The range of Sarpi's friendly relations was amazing. They embraced statesmen, churchmen, scholars, scientific investigators, diplomatists in every part of Europe, and among these Galileo and Lord Bacon, Grotius and Mornay, Salmasius and Casaubon, De Thou and Sir Henry Wotton, Bishop Bedell and Vossius, with a great number of others of nearly equal rank. Unfortunately the greater part of his correspondence has perished. In the two small volumes collected by Polidori, and in the small additional volume of letters to Simon Contarini, Venetian Ambassador at Rome, unearthed a few years since in the Venetian archives by Castellani, we have all that is known. It is but a small fraction of his epistolary work, but it enables us to form a clear opinion. The letters are well worthy of the man who wrote the history of the Council of Trent and the protest of Venice against the Interdict.

It is true that there has been derived from these letters, by his open enemies on one side and his defenders of a rather sickly conscientious sort on the other, one charge against him: this is based on his famous declaration, "I utter falsehood never, but the truth not to every one." ("La falsita non dico mai mai, ma la verita non a ogniuno.")[1] Considering his vast responsibilities as a statesman and the terrible dangers which beset him as a theologian; that in the first of these capacities the least misstep might wreck the great cause which he supported, and that in the second such a misstep might easily bring him to the torture chamber and the stake, normally healthful minds will doubtless agree that the criticism upon these words is more Pharisaic than wholesome.

[1] For this famous utterance, see notes of conversations given by Christoph, Burggraf von Dohna, in July, 1608, in Briefe und Acten zur Geschichte des Dreissigjahrigen Krieges, Munchen, 1874, p. 79.

Sarpi was now spoken of, more than ever, both among friends and foes, as the "terribile frate." Terrible to the main enemies of Venice he indeed was, and the machinations of his opponents grew more and more serious. Efforts to assassinate him, to poison him, to discredit him, to lure him to Rome, or at least within reach of the Inquisition, became almost frantic; but all in vain. He still continued his quiet life at the monastery of Santa Fosca, publishing from time to time discussions of questions important for Venice and for Europe, working steadily in the public service until his last hours. In spite of his excommunication and of his friendships with many of the most earnest Protestants of Europe, he remained a son of the church in which he was born. His life was shaped in accordance with its general precepts, and every day he heard mass. So his career quietly ran on until, in 1623, he met death calmly, without fear, in full reliance upon the divine justice and mercy. His last words were a prayer for Venice.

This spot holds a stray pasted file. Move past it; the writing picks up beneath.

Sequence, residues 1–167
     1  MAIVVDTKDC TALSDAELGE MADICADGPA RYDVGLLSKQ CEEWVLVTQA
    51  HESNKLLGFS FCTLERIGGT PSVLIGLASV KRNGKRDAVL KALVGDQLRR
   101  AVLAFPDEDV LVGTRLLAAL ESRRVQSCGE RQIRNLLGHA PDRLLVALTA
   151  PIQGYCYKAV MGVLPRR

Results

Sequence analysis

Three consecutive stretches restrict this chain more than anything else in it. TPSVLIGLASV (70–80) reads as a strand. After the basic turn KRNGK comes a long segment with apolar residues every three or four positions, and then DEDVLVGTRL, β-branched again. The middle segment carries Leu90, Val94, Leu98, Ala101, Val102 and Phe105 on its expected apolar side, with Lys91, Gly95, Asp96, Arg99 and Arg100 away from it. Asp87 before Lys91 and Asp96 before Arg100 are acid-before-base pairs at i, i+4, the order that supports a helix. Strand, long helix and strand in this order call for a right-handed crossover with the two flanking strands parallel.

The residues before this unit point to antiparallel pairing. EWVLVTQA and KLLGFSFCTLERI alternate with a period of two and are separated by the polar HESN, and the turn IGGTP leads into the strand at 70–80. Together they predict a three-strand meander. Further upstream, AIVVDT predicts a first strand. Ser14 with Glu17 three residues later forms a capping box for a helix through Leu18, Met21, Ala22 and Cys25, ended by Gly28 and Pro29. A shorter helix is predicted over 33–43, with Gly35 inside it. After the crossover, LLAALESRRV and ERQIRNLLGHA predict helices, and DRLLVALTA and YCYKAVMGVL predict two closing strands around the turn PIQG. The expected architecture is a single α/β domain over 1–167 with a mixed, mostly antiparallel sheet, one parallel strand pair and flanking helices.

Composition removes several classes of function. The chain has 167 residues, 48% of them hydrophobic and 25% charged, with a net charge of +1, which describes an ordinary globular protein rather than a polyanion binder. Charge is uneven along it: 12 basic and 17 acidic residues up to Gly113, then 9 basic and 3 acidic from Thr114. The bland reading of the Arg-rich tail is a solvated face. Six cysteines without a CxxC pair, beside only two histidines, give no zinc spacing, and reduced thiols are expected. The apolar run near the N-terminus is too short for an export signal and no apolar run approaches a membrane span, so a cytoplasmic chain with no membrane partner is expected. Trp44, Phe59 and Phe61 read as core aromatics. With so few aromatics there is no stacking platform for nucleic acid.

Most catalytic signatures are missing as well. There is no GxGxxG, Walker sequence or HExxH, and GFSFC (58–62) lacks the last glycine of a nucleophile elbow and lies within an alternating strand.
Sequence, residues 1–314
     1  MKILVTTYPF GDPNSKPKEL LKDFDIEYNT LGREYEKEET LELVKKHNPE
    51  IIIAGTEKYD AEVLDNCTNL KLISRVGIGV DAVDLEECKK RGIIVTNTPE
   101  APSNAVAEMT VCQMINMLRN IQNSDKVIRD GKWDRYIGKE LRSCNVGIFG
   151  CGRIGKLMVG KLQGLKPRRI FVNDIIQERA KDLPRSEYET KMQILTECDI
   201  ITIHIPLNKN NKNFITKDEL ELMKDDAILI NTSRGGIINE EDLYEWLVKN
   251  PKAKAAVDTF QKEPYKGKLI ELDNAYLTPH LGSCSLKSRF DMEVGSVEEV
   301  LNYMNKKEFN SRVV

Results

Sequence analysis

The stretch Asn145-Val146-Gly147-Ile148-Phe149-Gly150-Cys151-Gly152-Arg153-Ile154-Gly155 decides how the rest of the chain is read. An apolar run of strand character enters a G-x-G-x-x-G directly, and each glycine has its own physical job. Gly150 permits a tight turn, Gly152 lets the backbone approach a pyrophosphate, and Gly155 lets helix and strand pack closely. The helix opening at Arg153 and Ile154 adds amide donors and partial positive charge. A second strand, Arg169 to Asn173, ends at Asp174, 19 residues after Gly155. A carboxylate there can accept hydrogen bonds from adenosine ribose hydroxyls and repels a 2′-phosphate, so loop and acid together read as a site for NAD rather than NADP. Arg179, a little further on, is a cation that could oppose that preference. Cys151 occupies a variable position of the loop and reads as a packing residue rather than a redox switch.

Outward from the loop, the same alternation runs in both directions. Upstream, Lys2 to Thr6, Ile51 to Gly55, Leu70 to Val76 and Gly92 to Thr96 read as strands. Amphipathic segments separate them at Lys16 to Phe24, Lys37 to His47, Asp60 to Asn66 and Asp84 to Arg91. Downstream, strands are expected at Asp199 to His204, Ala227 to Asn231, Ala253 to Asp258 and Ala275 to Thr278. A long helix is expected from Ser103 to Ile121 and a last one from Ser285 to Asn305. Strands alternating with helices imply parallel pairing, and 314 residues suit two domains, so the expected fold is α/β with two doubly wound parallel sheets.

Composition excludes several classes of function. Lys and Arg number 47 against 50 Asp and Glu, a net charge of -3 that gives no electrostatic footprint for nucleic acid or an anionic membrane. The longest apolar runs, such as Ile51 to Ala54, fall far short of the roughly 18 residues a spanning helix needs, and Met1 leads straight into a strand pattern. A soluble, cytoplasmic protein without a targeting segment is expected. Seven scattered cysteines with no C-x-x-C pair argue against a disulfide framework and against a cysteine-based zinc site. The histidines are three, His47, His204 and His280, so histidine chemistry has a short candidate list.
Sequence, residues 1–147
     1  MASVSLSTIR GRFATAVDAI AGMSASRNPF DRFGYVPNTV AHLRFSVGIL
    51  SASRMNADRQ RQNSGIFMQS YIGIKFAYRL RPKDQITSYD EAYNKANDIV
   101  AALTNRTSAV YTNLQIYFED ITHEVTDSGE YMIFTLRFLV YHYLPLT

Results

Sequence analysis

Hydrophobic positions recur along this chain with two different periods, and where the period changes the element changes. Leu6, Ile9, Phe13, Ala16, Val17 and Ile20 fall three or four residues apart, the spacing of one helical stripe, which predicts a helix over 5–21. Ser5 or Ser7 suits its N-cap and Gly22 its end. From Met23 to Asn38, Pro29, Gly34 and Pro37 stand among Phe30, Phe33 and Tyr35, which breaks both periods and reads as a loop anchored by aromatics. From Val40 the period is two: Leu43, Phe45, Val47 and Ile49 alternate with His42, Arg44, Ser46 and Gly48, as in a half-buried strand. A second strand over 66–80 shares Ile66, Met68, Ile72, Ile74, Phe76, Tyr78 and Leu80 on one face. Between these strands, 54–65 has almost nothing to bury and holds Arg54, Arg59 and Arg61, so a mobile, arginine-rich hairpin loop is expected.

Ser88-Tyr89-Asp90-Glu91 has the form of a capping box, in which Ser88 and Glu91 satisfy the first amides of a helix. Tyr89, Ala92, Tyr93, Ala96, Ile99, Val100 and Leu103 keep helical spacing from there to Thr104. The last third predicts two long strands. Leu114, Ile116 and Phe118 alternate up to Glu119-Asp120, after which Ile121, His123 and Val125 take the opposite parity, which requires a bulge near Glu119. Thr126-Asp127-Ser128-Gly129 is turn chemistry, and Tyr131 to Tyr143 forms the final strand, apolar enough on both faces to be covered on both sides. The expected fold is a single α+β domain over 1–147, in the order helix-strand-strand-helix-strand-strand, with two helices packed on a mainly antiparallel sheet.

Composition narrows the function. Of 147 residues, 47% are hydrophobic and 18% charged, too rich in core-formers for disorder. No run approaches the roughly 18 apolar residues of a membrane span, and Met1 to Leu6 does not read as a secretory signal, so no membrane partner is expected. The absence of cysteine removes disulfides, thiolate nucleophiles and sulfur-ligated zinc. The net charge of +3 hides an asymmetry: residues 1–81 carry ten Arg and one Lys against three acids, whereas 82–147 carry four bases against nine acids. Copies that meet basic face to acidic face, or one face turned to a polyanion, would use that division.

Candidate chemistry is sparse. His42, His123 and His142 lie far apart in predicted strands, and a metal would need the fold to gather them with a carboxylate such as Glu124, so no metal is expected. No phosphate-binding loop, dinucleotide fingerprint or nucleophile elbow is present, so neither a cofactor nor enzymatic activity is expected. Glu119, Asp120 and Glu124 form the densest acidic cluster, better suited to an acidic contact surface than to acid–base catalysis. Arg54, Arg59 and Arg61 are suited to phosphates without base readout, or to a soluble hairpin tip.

He had fought the good fight. He had won it for Venice and for humanity. For all this, the Republic had, in his later years, tried to show her gratitude, and he had quietly and firmly refused the main gifts proposed to him. But now came a new outburst of grateful feeling. The Republic sent notice of his death to other powers of Europe through its Ambassadors in the terms usual at the death of royal personages; in every way, it showed its appreciation of his character and services, and it crowned all by voting him a public monument.